Changes in the economy as well as culture have driven this shift. In Forces of Habit: Drugs and the Making of the Modern World (2002), the historian David T. Courtwright explains that natural psychoactive substances like opium, cannabis, and coca/cocaine were difficult to acquire in the West before the 19th century. As a result, they were considered luxury items, and only became widely available when demand grew among the upper class after a steady supply was made possible through scientific innovations, the industrialization of production (including European slavery and more efficient farming methods), and the establishment of global distribution systems (including the British sale of Indian opium to the Chinese). Increased production made psychoactive substances cheaper, better, and more widely available, democratizing and rationalizing them as Henry Ford did cars. The proliferation of synthetic drugs in the 20th century, ranging from LSD, MDMA, and meth, to benzedrine and barbituates, only accelerated this trend.

Today, pioneers like Hamilton Morris (of Hamilton's Pharmacopeia) continue to introduce new and unheard of natural drugs to the US. But Courtwright argues that drugs that have not yet achieved widespread global distribution — like qat, betel, and mescaline, for instance — are unlikely to take off, not only because they must compete with established, domestically-produced illegal synthetics like amphetamines and MDMA, but also because the overwhelming psychoactive trend over the last century has been the introduction of synthetic drugs by multinational pharmaceutical companies. “Psychiatry's biological turn and the rise of 'cosmetic psychopharmacology,' the prescription of profitable new drugs to fine-tune mood and improve performance, assure the continued introduction of ‘clean’ synthetic alternatives to natural drugs,” Courtwright writes. “Inevitably, some of these products will find their way into the drug underworld.” Drug culture is no longer a counterculture at all, but a site of overflow for the products of capitalism.

¤

If Elizabeth Wurtzel’s Prozac Nation (1994) was the emblematic literary expression of the dawning of the age of cosmetic pharmacology, Taipei may be the emblematic expression of its decline. Neither book admits the possibility of a radical transformation of subjectivity or society; in each, drugs are simply tools to help individuals adapt to the world as it already exists. The difference is that, for Paul, the drugs don’t work very well.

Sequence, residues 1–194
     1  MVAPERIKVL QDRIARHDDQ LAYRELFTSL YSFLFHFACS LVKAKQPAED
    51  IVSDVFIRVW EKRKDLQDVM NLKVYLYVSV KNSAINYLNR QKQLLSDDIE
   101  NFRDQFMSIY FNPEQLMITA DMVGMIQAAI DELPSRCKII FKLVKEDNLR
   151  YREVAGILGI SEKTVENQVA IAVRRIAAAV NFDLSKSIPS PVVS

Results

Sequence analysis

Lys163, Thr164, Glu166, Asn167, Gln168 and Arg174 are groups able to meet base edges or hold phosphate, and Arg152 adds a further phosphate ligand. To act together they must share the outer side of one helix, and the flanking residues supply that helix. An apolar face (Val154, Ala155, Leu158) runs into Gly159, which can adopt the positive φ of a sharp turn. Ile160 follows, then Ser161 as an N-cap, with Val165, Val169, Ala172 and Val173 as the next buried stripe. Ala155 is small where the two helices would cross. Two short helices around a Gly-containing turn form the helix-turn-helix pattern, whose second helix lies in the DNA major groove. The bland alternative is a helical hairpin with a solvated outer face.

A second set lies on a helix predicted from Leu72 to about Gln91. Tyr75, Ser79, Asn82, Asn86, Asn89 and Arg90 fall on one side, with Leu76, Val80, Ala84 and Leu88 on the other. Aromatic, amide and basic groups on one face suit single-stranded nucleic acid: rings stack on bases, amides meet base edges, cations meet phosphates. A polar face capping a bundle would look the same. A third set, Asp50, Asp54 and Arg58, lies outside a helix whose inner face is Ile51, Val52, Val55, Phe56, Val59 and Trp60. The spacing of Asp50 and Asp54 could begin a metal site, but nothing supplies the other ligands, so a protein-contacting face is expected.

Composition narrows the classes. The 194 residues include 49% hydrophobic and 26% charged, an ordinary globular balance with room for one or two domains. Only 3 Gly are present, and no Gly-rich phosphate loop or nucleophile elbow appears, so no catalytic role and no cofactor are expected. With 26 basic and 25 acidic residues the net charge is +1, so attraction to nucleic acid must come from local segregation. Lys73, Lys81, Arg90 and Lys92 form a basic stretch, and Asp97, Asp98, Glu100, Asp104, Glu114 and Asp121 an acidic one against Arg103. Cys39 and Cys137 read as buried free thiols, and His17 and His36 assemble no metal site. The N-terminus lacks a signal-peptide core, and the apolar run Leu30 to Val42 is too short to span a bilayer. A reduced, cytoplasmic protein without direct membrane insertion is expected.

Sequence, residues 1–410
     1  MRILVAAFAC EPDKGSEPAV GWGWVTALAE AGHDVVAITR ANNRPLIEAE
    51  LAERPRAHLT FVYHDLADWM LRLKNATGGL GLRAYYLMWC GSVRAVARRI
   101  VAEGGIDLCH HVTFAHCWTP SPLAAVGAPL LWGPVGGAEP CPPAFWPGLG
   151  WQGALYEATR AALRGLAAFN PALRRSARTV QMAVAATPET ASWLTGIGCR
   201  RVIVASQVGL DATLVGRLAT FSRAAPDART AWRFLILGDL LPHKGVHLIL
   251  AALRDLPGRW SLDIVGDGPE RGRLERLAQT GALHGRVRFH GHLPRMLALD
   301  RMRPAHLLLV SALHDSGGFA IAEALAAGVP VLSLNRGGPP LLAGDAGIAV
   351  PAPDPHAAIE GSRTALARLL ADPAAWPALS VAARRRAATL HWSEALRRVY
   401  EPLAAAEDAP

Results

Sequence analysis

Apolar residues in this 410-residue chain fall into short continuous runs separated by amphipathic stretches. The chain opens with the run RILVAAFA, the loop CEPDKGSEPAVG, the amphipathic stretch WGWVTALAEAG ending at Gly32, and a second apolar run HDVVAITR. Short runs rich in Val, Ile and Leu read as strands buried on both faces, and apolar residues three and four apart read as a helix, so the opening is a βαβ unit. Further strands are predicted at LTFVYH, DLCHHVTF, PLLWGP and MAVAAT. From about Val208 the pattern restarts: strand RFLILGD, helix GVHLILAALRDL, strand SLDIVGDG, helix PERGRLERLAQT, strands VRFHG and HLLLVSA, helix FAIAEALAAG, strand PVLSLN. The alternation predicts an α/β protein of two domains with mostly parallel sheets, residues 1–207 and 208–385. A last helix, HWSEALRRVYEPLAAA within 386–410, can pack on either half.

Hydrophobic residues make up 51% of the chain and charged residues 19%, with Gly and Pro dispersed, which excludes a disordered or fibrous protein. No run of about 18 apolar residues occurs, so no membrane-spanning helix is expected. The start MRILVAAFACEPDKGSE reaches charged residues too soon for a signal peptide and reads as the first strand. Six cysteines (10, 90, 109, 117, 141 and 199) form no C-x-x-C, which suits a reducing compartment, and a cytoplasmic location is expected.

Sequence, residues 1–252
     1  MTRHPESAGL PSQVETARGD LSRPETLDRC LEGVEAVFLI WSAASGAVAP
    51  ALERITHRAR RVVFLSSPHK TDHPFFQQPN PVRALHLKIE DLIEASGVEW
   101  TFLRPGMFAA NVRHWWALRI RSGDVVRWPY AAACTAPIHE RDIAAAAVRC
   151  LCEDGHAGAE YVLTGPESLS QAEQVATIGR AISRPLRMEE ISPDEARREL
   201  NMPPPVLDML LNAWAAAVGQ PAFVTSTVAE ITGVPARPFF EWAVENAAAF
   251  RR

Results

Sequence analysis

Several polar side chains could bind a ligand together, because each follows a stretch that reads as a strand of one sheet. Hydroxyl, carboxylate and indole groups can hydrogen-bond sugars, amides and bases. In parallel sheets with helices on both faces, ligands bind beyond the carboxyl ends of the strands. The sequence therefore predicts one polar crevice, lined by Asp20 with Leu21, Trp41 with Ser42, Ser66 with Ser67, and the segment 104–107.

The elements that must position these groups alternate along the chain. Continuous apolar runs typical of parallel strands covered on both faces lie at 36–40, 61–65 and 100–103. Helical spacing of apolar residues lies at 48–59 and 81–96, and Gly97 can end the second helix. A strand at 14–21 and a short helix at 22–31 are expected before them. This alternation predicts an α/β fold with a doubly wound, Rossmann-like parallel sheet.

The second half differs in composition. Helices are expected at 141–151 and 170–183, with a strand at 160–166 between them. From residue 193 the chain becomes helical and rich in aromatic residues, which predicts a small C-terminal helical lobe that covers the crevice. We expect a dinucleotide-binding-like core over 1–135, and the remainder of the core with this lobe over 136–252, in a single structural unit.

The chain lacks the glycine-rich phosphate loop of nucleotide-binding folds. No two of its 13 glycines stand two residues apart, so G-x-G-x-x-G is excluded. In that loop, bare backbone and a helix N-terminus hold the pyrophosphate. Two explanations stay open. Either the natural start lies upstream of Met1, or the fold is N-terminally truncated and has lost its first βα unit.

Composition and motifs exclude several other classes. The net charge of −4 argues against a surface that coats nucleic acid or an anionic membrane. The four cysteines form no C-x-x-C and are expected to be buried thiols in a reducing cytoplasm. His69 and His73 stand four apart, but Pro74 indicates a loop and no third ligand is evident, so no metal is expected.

In fact, Taipei is only incidentally about drugs. It is a depiction of the alienated subject in a personality-driven world where social signals and media messages are so complex as to make those without mastery of the language feel practically schizophrenic. Again and again, Paul is driven to despair by ordinary social reality:

He allowed himself to consider earlier opportunities, mostly for something to do, and discerned after a brief sensation of helplessness — like if he'd divided 900 by itself and wanted the calculator to answer 494/494 or 63/63 — that, in terms of leaving this social situation, he shouldn't have been born.

In his unbreachable state of depression and isolation, Paul seems barely human, a kind of robot performing what ought to be pleasurable behaviors — going to parties and restaurants, dating girls, and consuming lots of drugs. Nevertheless, as if to mimic the regularity of prescription drug intake, Paul continues to tweak through both his depression and brief moments of happiness, seemingly without much effect.

Despite its tone, Taipei is not, fundamentally, a dystopian novel. Unlike The Three Stigmata of Palmer Eldritch and A Scanner Darkly, it says nothing of the world outside of its central character’s immediate experiences. The other side of isolation is total self-absorption. Only when Paul is travelling — especially in Taipei, a city which he is unfamiliar with and therefore curious about, finding it “a world unto itself” — does he think about his surroundings. But sadly, it is also in this setting, and with his wife Erin, that Paul reveals how embarrassingly inarticulate he is about politics:

“I don't like places … where everyone working is a minority … because I feel like there's, um, too many different … I don't know,” said Paul with a feeling like he unequivocally did not want to be talking about what he was talking about, but had accidentally focused on it, like a telescope a child had turned […] toward a wall.

“Like, visually?”

“Um, no,” said Paul. “Just that … they know they're minorities …”

“That they, like, band together?”

“Um, no,” said Paul on a down escalator into the MRT station they exited an hour ago.